Such views are of course legitimate and Bennett has the gift of expressing himself far more eloquently than any other hard rightwing spokesman.  But politics is the art of the possible. Today, virtually all Israelis recognize that with the current Palestinian leadership which would never provide the minimum security safeguards we require and with Hamas breathing down our necks, it would be insane to endorse a Palestinian state. But Israelis are also opposed to absorbing and ruling over millions of Palestinians. Thus a formal repudiation of a two state policy or the annexation of territories would be opposed by most Israelis. It would also cause us incalculable global damage and more importantly, probably terminate our relationship with the United States.

Some right wing radicals refer contemptuously to our alliance with the U.S., with whom we share common values and democratic traditions. There is irresponsible chatter about displaying “strength” and “going it alone”. Would Naftali Bennett tell the U.S., “This is our business. Please butt out”?

Notwithstanding our extraordinary capabilities, it is primitive naiveté to dismiss, the crucial importance of the support of a superpower to ensure our technological military superiority in a speedily-changing environment. For example, we lacked the financial resources to have independently manufactured an Iron Dome.

In the absence of US diplomatic support, the Islamic Conference nations and their rogue state allies could impose sanctions and effectively choke us, with most European countries spectating – at best.

And beyond the US, to whom do critics suggest we turn? To Russia? To China?

It is therefore imperative to retain the support of the American people and Congress. But that does not oblige us to become a vassal of the United States. There will undoubtedly be matters of national importance that will require us to resist pressure and stand firm. The current issue concerning housing construction to create territorial contiguity between Jerusalem and Maale Adumim is an example. But we should act with greater practical vigor and employ more subtle tactics, avoiding needlessly provocative proclamations.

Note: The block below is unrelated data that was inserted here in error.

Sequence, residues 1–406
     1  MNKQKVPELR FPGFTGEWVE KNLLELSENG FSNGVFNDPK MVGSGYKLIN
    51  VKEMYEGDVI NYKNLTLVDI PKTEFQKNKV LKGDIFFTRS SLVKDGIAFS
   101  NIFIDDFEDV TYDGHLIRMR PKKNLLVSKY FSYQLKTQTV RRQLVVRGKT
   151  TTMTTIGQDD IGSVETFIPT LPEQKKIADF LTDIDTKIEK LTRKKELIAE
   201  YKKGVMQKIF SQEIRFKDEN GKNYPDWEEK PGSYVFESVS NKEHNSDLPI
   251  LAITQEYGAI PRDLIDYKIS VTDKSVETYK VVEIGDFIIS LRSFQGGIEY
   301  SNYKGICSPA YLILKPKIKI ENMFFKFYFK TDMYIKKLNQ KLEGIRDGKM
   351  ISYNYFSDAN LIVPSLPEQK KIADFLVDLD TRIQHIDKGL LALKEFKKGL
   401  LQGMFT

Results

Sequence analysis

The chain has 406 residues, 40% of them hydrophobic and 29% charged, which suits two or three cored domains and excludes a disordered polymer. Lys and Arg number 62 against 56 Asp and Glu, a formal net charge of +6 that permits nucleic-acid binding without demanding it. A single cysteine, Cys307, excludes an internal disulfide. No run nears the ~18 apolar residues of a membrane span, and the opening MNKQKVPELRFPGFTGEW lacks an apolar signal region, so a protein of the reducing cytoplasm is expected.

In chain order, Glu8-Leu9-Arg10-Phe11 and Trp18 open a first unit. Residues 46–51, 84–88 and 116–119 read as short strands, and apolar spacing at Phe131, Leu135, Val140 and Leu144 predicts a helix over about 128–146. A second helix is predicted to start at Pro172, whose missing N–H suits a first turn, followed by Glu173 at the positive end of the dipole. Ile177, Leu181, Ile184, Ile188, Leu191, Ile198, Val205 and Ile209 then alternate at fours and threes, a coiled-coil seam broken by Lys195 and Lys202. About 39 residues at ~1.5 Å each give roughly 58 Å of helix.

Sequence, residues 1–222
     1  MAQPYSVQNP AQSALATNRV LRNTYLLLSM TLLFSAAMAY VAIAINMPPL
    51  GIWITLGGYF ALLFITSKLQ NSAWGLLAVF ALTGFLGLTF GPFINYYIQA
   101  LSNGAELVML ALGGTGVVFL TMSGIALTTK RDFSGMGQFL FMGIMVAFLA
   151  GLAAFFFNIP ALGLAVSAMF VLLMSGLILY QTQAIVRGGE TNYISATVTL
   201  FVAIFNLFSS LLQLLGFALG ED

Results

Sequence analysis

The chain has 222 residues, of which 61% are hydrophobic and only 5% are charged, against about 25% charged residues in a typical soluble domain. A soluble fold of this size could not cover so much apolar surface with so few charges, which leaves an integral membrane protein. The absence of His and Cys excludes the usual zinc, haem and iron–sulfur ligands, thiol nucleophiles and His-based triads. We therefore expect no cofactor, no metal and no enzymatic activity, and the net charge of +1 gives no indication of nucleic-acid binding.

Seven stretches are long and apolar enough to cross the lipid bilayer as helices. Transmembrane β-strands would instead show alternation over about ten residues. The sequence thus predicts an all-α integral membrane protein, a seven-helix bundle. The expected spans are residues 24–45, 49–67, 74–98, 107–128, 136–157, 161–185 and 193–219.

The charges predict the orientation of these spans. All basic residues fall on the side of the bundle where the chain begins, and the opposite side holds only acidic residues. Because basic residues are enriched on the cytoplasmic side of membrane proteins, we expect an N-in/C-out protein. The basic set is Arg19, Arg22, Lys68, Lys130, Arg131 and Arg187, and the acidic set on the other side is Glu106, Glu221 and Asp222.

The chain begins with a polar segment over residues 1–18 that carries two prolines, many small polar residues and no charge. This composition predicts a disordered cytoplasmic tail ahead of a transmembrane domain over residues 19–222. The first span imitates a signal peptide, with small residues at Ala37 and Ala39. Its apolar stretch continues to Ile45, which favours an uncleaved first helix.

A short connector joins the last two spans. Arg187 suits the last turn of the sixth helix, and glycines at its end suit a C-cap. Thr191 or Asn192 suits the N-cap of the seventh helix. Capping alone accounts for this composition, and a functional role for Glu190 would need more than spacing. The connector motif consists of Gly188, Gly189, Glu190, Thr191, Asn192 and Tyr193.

We must develop long-term strategies and minimize tensions with Western countries on issues that are not crucial to our security. Our ability to achieve this balance may heavily influence the outcome of the Iranian nuclear peril – Israel’s greatest existential threat since its creation.

My hope is that after the elections Netanyahu will create a broad national government in which Habait Hayehudi will become be an important and responsible partner.

However if Habait Hayehudi makes inordinate political demands or behaves in a demagogic manner in order to attract extremist voters, it will be sidelined as yet another ineffective extreme right wing opposition group. In the course of time, like other transitory parties, its support will evaporate.

It would also lose an historic opportunity to displace Shas and the haredi parties as the custodians of religion and ensure that the government strengthens religious Zionist institutions, guaranteeing the retention of Jewish values. In lieu of being regarded as an extreme right wing party, it should concentrate on becoming an influential national religious force, having a major impact on the future of the nation and the Jewish people.

The writer may be contacted at ileibler@leibler.com

This column was originally published in the Jerusalem Post and Israel Hayom

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Isi Leibler

Isi Leibler is a veteran international Jewish leader with a distinguished record of contributions to the Jewish world and the cause of human rights, including the struggle for Soviet Jewry. He was head of the Jewish community in Australia for many years and made aliya in 1999. Leibler has held senior roles in the World Jewish Congress, including chairman of the governing board and senior vice president. Today, he writes prolifically and is a regular columnist for The Jerusalem Post and Yisrael Hayom.